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AJR-11 Immigration: Development, Relief, and Education for Alien Minors Act: Deferred Action for Childhood Arrivals: Deferred Enforced Departure: Temporary Protected Status.(2019-2020)

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Assembly Joint Resolution No. 11
CHAPTER 136

Relative to immigration.

[ Filed with Secretary of State  August 27, 2019. ]

LEGISLATIVE COUNSEL'S DIGEST


AJR 11, Carrillo. Immigration: Development, Relief, and Education for Alien Minors Act: Deferred Action for Childhood Arrivals: Deferred Enforced Departure: Temporary Protected Status.
This measure would urge the President and the Congress of the United States to enact legislation to provide permanent legal status and a path to citizenship for immigrant youths and individuals with Deferred Enforced Departure and Temporary Protected Status.
Fiscal Committee: NO  

WHEREAS, United States Congressional efforts to provide permanent legal status for undocumented immigrants who were brought to the United States as children have been pending in the Congress of the United States since 2001, with the introduction of bipartisan legislation entitled the Immigrant Children’s Educational Advancement and Dropout Prevention Act of 2001; and
WHEREAS, Congress has introduced subsequent legislation attempting to achieve the same goal, including the Student Adjustment Act of 2001, and, in various iterations, the Development, Relief, and Education for Alien Minors (DREAM) Act; and
WHEREAS, Since its original introduction, the DREAM Act has aimed to provide a multiphase process for qualifying undocumented immigrant youths to seek conditional residency status and a path to citizenship. The requirements to qualify for that relief have changed throughout time and various provisions have expanded with each reintroduction to ensure that most undocumented youths are covered; and
WHEREAS, The DREAM Act has been debated and brought to Congress for votes as a stand-alone bill. The Act has also been incorporated into other immigration-related bills, including the Comprehensive Immigration Reform Act of 2007; and
WHEREAS, Due to the unwillingness of Congress to pass a legislative solution to protect immigrant youths, President Barack Obama issued a memorandum on June 15, 2012, that created the Deferred Action for Childhood Arrivals (DACA) program, putting a stop to the deportation of undocumented immigrant youths who matched certain criteria included in the most recent proposed DREAM Act bills; and
WHEREAS, California has, by far, the largest number of potential beneficiaries under the DREAM Act, with 553,000 individuals, or 26 percent of potential beneficiaries. California also has the largest population of youths currently protected under DACA at approximately 200,000 individuals; and
WHEREAS, On September 5, 2017, under the Trump Administration, then Acting Secretary of Homeland Security Elaine Duke rescinded the 2012 DACA memorandum and announced that the program would undergo a wind down phase. The rescission became effective immediately and eliminated the opportunity to submit new DACA applications; and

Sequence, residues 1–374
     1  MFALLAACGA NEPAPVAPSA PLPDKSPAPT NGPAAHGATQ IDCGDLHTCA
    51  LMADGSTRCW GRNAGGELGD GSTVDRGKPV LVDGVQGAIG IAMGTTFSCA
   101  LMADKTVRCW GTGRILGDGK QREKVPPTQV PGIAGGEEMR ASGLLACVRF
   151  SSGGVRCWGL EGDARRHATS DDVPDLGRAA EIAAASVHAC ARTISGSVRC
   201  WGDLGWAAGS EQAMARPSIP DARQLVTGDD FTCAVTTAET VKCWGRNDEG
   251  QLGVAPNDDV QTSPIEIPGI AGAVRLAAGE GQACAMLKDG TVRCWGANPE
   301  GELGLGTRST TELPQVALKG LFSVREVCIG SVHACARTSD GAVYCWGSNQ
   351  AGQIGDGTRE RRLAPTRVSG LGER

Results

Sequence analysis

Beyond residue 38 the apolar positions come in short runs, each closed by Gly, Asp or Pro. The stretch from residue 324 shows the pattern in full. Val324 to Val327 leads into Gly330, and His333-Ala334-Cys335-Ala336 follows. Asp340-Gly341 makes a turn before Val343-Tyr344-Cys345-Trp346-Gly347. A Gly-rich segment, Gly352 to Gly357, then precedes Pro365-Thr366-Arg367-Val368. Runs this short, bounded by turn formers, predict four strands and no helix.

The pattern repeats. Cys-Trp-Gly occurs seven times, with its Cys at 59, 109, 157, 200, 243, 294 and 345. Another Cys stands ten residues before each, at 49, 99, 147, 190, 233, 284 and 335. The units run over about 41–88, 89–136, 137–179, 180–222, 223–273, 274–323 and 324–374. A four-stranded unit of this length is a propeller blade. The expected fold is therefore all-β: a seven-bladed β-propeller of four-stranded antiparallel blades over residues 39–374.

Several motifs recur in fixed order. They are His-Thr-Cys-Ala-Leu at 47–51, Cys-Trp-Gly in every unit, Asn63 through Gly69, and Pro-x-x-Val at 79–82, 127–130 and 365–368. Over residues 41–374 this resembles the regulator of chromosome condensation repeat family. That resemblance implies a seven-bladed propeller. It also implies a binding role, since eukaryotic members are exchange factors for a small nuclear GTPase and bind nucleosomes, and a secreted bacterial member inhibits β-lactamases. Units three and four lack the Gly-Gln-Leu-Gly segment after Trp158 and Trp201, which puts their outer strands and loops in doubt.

WHEREAS, President Trump’s decision to terminate the DACA program was followed by multiple lawsuits challenging that decision; and
WHEREAS, The Trump Administration’s decisions affecting immigrants have also impacted immigrants receiving Deferred Enforced Departure (DED) and immigrants with Temporary Protected Status (TPS); and
WHEREAS, The DED program, formerly known as Extended Voluntary Departure, was first established through an exercise of executive authority in 1960. DED is used at the President’s discretion to grant nationals of foreign countries a stay of removal, typically in response to war, civil unrest, or natural disasters. Currently, Liberia is under DED designation; and
WHEREAS, President Trump initially directed that the DED designation for Liberia be ended on March 31, 2019, later extended to March 31, 2020; and
WHEREAS, The TPS program was established by Congress though the Immigration Act of 1990. Under existing law, the Secretary of Homeland Security may designate a foreign country for TPS if the country is experiencing ongoing armed conflict, an environmental disaster or epidemic, or other extraordinary and temporary conditions that may prevent nationals of that country from returning home safely. Currently, there are a total of 10 countries under the TPS designation; and
WHEREAS, The termination of TPS designations for countries that remain unstable has left individuals with TPS in limbo and with their futures unknown to them; and
WHEREAS, Approximately 436,866 individuals with TPS live in the United States. The largest group, consisting of approximately 80,636 individuals, is located in California; now, therefore, be it
Resolved by the Assembly and the Senate of the State of California, jointly, That the Legislature urges the President and the Congress of the United States to enact legislation to provide permanent legal status and a path to citizenship for immigrant youths and individuals with DED and TPS; and be it further
Resolved, That the Chief Clerk of the Assembly transmit copies of this resolution to the President and the Vice President of the United States, to the Speaker of the House of Representatives, to the Majority Leader of the Senate, to each Senator and Representative from California in the Congress of the United States, and to the author for appropriate distribution.